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8.225317-18 - PACIUS: The Hunt of King Charles (Kaarle Kuninkaan Metsastys)

Fredrik Pacius (1809-1891)
The Hunt of King Charles
(Kung Karls jakt / Kaarle Kuninkaan Metsästys)

An opera in three acts
Libretto: Zachris Topelius – Sung in the Finnish translation by Jalmari Finne

King Charles XI, aged 16 - Tero Aalto (spoken role)
Queen Hedvig Eleonora, his mother - Kristiina Kattelus, mezzo-soprano
Kristian Horn, the King's tutor - Mauri Vesanto, bass
Gustaf Gyllenstjerna, the King's confidant - Pekka Kähkönen, baritone
Mårten Reutercrantz, equerry and King's confidant - Heikki Orama, bass
Banér, a nobleman in the King's service - Matti Heinikari, tenor
Wachtmeister, a nobleman in the King's service - Jukka Saarman, baritone
Oxenstjerna, a nobleman in the King's service - Heikki Nuorsaari, tenor/baritone
Lewenhaupt, a nobleman in the King's service - Janne Sundqvist, bass
Jonathan Pehrsson, a young seal hunter - Kai Pitkänen, tenor
Leonora, a fisherman's daughter - Niina Ahola, soprano
First lady-in-waiting - Tiina Tamminen, soprano
Second lady-in-waiting - Sari Nordqvist, mezzo-soprano
First peasant girl - Suvi-Maaria Virta (spoken role)
Second peasant girl - Sari Nordqvist, alto
First conjurer - Jouko Ouramo, baritone
Second conjurer - Reijo Koivula, baritone
Odds-and-ends merchant from Turku - Seppo Kunttu, tenor-baritone
Bear - Sanna Elo, soprano
Old Fisherwoman - Heli Latvala, mezzo-soprano
Publican - Reijo Koivula, bass
Courtiers, Peasants - Pori Opera Chorus

Chorus-master: Ognian Vassiliev
Choir répétiteur: Pertti Rasilainen

Pori Opera Choir
Pori Sinfonietta
Ari Rasilainen


Much of the history of Finnish music before the 1880s was dominated by figures born elsewhere. Until 1882 the country did not possess a professional symphony orchestra, and it was in that same year that the Helsinki Music Institute was established, soon to be regarded as Finland's foremost music conservatory. Perhaps surprisingly given the absence of a significant infrastructure, however, opera was a flourishing genre, and it was in this area that Fredrik [Friedrich] Pacius was to make his most significant contributions as a composer.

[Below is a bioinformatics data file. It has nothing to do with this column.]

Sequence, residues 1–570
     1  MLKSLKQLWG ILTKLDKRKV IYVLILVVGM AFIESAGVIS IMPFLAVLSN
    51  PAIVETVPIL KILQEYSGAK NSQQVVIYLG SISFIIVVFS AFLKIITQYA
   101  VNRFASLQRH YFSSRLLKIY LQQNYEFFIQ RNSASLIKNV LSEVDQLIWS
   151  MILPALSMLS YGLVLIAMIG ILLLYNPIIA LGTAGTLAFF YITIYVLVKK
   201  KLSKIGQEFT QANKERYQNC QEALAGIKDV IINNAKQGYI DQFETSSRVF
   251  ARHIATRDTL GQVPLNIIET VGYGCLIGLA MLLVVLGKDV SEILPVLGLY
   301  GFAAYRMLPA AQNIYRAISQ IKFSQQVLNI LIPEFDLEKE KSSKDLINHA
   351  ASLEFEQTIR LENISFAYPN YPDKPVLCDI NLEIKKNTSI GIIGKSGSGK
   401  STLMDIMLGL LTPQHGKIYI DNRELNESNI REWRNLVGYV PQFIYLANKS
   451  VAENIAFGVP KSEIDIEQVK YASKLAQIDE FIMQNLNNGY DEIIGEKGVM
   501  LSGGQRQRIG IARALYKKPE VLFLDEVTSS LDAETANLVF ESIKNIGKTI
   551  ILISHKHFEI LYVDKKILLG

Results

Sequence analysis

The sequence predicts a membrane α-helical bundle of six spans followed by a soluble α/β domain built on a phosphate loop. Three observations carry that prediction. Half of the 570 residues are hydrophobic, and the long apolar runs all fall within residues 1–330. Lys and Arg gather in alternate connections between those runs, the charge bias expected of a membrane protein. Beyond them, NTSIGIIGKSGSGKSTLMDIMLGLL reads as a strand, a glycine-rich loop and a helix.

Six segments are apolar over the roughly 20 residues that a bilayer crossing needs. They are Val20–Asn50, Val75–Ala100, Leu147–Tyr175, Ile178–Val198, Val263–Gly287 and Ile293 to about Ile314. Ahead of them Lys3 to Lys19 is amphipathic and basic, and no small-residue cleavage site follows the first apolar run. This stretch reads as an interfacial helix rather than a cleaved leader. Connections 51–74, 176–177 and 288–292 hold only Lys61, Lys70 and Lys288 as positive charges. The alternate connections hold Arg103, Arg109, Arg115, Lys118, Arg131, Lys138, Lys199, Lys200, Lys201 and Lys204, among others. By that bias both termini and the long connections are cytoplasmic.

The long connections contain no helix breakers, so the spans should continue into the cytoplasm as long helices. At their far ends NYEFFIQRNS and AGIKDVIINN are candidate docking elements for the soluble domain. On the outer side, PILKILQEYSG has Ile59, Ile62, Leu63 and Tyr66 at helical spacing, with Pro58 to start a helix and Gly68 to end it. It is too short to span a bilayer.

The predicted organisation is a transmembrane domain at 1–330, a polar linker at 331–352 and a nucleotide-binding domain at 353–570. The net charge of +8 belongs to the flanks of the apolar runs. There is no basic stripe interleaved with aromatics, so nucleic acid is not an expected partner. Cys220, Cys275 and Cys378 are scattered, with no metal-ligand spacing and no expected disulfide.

In 1809, after ruling there for almost 700 years, Sweden finally ceded control of Finland to Russia, and Tsar Alexander I set the country up as an autonomous Grand Duchy. Just ten days earlier, on 19 March, Friedrich Pacius had been born in Hamburg. He studied the violin and composition in Kassel, Germany, where he became a pupil of Louis Spohr and assimilated the ideas of central European romanticism as represented by Carl Maria von Weber. At the age of seventeen (1826) he composed an Overture in E flat major, but before long he was to emigrate: he accepted a position as a violinist in the Royal Court Orchestra in Stockholm.

Still only in his mid-twenties, he moved from Stockholm to Helsinki in 1835 to take up a teaching position at Helsinki University. He soon proved himself to be an able and persuasive administrator: he established an orchestra, a student choir and a musical society. He also put on large-scale concerts – oratorios and symphonic music – using capable musicians from all walks of life. A number of the players were of German origin; indeed, German musicians played an important part in Helsinki orchestral life until long after Pacius's death. Among the other major figures in mid-nineteenth-century Finnish music, Conrad Greve (1820-51) and Richard Faltin (1835-1918) were also of German origin. It was to Germany, rather than to Russia, that their Finnish-born protégés – including Sibelius – turned when they came to study music abroad.

Pacius's arrival was not the only major development in Finnish culture in 1835. That year saw the publication of the Kalevala, an epic poem collected from folk sources in the Karelia region over almost a decade and combined into a single entity by Elias Lönnrot (a revised edition followed in 1849). At that time the language of the educated classes in Finland was Swedish. The Kalevala was written in Finnish and provided a mouthpiece for the champions of the Finnish language, which from then on was increasingly seen as viable in the context of literature. The powerful imagery and hypnotic metrical regularity of the Kalevala became a magnet for artists of every discipline and contributed to the rise of the 'Karelianism' movement, which enthusiastically championed Finnish folk culture. In helping to awaken a national identity, the poem also played a role in Finland's quest for independence from Russia, which was declared in 1917. The heyday of Karelianism came after Pacius's death, but by then the Kalevala was well established as an inspiration for musical compositions, often stylistically close to German models (such as the Kullervo overture [1860] by Filip von Schantz). Pacius used the Kalevala as the source for his opera Prinsessan av Cypern (The Princess of Cyprus, 1860), ironically with a Swedish libretto by Zachris Topelius.

In 1845 Pacius wrote a single-movement Violin Concerto in F sharp minor. He started to compose a symphony in D minor, and its first movement was even performed in 1850, but he never completed the project. His greatest contribution as a composer was in the genres of opera and song. Among his songs are a number with texts by the Finnish national poet, Johan Ludvig Runeberg, including Suomen laulu (The Song of Finland) and Vårt land (Our Country), which many years later was adopted as the Finnish national anthem.